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  • "every time that someone tries to edit it, Evan just rolls back to previous version." While there were some rollbacks in the earliest revisions, that statement does not appear to be true. Evan has not rolled back any of the most recent revisions suggested by other users. – Beofett May 29 '13 at 13:24
  • @Beofett Actually Evan just rolled back an edit that put the pictures as links with warnings, and toned down the shock language. So what Ilya says is completely true, in that regard. – Wertilq May 29 '13 at 19:29
  • @Wertilq I saw that. However, the point is that there were several edits that weren't rolled back. And, conveniently enough, Evan's latest rollback pushed the answer into CW, so the issue of him "unfairly" earning reputation for a horrible answer has conveniently resolved itself :) – Beofett May 29 '13 at 19:44
  • -1: gun with muzzle extension is still capable of firing normal ammo, and Israeli "rubber bullets" contain steel core, making them lethal if victim is shot at close range or at longer range with a head-shot. The source of the picture states in the very first sentence, that these "rubber bullets" "kill and maim too often to be considered a safe method of crowd control." – vartec Jun 12 '13 at 13:41
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    @vartec, it isn't capable of firing normal ammo. Most non lethal weapons can kill and maim their victims if misused. Israel is not the only country that uses them. While it can't be argued that palestinian demonstrations are suppressed with excessive non-lethal force, this is not what the discussion is about. The video was labeled falsely and in a misleading way. There is a huge difference between a video showing "Israeli soldiers trying to shoot kids" and "Israeli soldiers use excessive force against a riot/violent demonstration". – SIMEL Jun 12 '13 at 13:58
  • @IlyaMelamed: "rubber bullets" for quite some time aren't called "non-lethal", but "less-lethal". In most civilized countries they are only used by riot police as last resort, and with very strict instructions how to shoot (basically anything above thigh level is off limits). And they normally use low velocity ones fired from 12-gauge shotguns and don't have steal core. The Israeli version is something fired from rifle-grenade attachment, which are designed not to prevent firing normal ammo. If you claim otherwise, source your claim. – vartec Jun 12 '13 at 14:17
  • @vartec, I don't argue with you that rubber bullets can be lethal, and that Israel might be using excessive force against Palestinian violent protests (I'm not agreeing with you either). I'm saying that the depiction of that particular video clip is misleading it shows soldiers firing "less-lethal" and "non-lethal" ammo at a violent riot (according to regulation, see next comment), they are not firing live ammo at a group of children, like the depiction claims, that is (was) my problem with the description of the video. – SIMEL Jun 12 '13 at 16:05
  • @vartec, as to the lethality of the rubber bullets. They are not the only riot control weapon that is potentially lethal. How ever, the IDF is aware of this, and put in place appropriate Open-Fire Regulations, rubber bullets are not to be used in less than 40 meters, shot above the legs, at children or from a moving vehicle and require special training source. So Israel has strict restriction on their use. Regarding the fire of live ammo, see next comment. – SIMEL Jun 12 '13 at 16:11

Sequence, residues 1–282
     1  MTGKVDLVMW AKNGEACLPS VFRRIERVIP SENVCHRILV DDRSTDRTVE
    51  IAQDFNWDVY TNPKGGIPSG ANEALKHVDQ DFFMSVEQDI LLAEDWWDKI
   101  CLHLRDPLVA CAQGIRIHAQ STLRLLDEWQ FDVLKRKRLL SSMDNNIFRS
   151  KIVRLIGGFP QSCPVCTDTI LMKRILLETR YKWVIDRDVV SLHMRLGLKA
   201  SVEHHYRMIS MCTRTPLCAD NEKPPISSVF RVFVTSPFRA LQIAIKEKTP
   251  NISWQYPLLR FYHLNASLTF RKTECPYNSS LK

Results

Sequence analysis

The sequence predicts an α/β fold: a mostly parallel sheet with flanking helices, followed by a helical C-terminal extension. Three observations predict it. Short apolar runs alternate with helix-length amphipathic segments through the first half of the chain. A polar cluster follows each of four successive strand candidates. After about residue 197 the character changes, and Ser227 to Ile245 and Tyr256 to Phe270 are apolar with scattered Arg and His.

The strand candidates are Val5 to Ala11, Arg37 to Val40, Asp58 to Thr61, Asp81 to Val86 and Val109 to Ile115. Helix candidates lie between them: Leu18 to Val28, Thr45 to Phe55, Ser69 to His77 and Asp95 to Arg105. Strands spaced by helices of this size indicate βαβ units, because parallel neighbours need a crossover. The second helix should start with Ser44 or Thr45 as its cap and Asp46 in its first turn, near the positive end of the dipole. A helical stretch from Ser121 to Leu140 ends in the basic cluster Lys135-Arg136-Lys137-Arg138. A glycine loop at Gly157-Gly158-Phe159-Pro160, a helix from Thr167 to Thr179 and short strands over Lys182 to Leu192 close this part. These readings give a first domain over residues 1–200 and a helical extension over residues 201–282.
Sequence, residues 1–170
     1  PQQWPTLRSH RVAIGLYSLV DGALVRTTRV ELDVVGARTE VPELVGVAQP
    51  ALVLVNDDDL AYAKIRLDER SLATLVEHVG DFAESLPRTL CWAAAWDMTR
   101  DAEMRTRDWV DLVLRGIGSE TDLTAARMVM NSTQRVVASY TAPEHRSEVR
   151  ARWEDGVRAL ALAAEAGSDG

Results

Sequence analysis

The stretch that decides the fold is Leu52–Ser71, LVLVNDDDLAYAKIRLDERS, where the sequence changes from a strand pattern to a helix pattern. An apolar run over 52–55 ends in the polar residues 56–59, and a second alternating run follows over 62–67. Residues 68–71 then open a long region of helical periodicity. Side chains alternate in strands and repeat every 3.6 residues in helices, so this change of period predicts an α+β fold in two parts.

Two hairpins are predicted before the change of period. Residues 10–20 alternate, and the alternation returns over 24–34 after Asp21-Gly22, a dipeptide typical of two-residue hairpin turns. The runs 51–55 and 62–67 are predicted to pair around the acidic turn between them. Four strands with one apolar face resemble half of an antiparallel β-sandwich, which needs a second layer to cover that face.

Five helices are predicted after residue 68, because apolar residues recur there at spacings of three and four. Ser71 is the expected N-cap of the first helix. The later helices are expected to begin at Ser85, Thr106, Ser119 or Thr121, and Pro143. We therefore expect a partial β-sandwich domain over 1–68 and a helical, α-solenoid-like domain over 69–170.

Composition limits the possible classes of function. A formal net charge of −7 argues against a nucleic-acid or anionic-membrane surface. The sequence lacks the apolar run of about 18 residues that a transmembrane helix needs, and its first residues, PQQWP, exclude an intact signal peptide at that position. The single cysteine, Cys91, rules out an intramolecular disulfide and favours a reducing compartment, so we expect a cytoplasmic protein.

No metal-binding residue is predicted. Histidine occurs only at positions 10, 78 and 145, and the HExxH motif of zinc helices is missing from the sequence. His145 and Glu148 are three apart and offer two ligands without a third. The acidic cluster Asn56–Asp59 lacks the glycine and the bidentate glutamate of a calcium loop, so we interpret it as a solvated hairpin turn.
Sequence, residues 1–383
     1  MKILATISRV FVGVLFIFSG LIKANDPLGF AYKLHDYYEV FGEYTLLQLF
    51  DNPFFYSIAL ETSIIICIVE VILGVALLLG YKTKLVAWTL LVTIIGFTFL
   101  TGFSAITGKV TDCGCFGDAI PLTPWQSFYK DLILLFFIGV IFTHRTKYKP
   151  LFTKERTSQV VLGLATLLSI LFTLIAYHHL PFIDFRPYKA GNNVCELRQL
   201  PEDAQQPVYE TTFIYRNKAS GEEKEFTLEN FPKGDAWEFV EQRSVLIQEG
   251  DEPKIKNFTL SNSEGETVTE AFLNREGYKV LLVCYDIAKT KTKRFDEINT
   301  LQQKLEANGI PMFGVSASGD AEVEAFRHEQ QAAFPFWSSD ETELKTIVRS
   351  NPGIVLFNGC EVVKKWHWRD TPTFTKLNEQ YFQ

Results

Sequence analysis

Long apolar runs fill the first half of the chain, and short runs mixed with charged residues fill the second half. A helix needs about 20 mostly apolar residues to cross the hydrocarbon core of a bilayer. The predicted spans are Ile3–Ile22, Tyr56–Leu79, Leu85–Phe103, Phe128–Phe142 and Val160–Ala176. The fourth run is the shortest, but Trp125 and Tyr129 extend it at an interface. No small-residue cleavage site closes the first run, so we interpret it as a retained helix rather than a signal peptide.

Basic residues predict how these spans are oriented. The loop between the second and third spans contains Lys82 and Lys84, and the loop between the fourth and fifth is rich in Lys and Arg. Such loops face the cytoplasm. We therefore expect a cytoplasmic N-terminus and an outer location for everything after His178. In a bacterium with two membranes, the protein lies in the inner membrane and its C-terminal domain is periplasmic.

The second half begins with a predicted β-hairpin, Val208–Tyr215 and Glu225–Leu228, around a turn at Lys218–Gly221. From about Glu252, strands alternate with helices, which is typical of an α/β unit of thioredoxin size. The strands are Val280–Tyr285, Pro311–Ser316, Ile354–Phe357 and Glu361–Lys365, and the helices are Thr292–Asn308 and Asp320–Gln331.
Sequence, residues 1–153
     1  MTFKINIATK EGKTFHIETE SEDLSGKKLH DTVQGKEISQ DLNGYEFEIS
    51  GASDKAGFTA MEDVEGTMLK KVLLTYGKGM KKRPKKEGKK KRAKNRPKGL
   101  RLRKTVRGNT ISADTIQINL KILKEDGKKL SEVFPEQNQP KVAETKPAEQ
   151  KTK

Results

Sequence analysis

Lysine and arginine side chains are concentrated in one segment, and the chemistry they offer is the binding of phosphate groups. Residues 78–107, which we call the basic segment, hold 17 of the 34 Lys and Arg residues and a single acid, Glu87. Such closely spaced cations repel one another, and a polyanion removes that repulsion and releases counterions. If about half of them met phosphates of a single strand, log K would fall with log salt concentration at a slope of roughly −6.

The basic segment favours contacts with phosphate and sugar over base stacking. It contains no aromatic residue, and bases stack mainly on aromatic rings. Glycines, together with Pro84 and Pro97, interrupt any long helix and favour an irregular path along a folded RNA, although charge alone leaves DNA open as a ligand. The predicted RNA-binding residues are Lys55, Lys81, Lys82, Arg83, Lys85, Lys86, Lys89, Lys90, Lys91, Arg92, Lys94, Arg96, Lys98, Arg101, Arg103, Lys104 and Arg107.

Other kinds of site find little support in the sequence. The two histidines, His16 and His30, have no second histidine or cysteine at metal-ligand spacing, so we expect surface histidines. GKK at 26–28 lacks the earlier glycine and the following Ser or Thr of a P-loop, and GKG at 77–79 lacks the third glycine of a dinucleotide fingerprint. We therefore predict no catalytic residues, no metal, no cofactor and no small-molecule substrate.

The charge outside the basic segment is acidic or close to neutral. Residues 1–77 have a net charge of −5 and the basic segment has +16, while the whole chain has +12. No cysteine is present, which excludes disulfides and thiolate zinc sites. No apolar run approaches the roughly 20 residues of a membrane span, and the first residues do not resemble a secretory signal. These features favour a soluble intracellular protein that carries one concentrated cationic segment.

• @vartec. Can live ammo be fired from a rifle firing rubber bullets? No, and not likely. First, regarding the rifle-grenade attachment is not what is depicted in the image in the answer, it's something else, which can be seen here, (artifact #1) it's a one time use attachment that completely blocks the muzzle, and a bullet trying to exit will hit the attachment and wont get out. Most probably, it'll hurt the operator. (See next comment for more details) – SIMEL Jun 12 '13 at 16:14
  • @vartec, the second type, depicted in the image in the answer, is an extension that sits on the muzzle of the rifle, and if the attachment doesn't have rubber bullets inside, there is a free way for a projectile to move. However, since the attachment is designed to use with blank bullets (no projectile, only powder) it isn't concerned with perfectly aligning itself with the rifle muzzle. So, if you do fire a bullet, it can (and most probably will) hit the attachment itself, so it's very unsafe for the operator, and IDF regulation forbid to fire fmj ammo with the attachment. – SIMEL Jun 12 '13 at 16:19
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The criteria for deletion is listed here, and Evan's answer doesn't meet any of these.

Answers that do not fundamentally answer the question may be removed. This includes answers that are …

  • commentary on the question or other answers
  • asking another, different question
  • “thanks!” or “me too!” responses
  • exact duplicates of other answers
  • barely more than a link to an external site
  • not even a partial answer to the actual question
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5

While one can like or not Evan's style, his conclusions are not very different from the other answers.

The correct response to a question that you think is based on poor evidence is downvoting.